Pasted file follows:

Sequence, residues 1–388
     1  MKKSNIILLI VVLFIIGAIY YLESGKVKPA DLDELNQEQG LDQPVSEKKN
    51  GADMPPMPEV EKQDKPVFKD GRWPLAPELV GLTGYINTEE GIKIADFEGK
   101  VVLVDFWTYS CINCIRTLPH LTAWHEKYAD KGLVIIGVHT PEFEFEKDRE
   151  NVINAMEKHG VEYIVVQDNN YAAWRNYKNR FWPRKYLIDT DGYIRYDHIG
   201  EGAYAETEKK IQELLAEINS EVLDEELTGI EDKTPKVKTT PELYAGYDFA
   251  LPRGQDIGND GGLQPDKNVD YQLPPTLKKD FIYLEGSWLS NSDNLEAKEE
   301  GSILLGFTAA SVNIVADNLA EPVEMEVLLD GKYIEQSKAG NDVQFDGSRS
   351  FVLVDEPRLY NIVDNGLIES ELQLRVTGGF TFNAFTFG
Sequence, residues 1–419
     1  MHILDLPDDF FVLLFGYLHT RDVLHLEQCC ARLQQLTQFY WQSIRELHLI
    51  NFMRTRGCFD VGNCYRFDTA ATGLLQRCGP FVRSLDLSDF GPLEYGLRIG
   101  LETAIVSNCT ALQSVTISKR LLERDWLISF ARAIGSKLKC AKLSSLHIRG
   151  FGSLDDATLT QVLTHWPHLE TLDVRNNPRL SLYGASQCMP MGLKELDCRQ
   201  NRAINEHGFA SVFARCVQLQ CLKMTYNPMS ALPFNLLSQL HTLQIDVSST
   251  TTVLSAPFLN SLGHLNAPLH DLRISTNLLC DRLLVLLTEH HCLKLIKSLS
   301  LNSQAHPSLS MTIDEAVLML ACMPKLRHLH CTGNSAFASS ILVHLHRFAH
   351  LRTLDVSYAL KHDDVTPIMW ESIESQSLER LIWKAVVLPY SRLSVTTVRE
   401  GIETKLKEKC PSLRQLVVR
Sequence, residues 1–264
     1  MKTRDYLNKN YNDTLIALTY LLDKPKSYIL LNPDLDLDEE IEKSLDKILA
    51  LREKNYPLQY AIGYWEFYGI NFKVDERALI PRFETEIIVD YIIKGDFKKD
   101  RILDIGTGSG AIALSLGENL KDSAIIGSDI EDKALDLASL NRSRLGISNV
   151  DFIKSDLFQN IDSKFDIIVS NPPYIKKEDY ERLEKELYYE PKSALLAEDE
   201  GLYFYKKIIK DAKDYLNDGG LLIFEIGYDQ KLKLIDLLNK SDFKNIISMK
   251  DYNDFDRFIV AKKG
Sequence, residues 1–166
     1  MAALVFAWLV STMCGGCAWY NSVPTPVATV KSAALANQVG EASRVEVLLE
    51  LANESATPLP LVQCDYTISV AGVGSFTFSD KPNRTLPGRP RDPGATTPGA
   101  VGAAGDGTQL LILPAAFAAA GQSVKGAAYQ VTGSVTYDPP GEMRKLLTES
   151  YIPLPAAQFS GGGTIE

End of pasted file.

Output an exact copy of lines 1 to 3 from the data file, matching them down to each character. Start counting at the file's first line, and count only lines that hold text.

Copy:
Sequence, residues 1–388
     1  MKKSNIILLI VVLFIIGAIY YLESGKVKPA DLDELNQEQG LDQPVSEKKN
    51  GADMPPMPEV EKQDKPVFKD GRWPLAPELV GLTGYINTEE GIKIADFEGK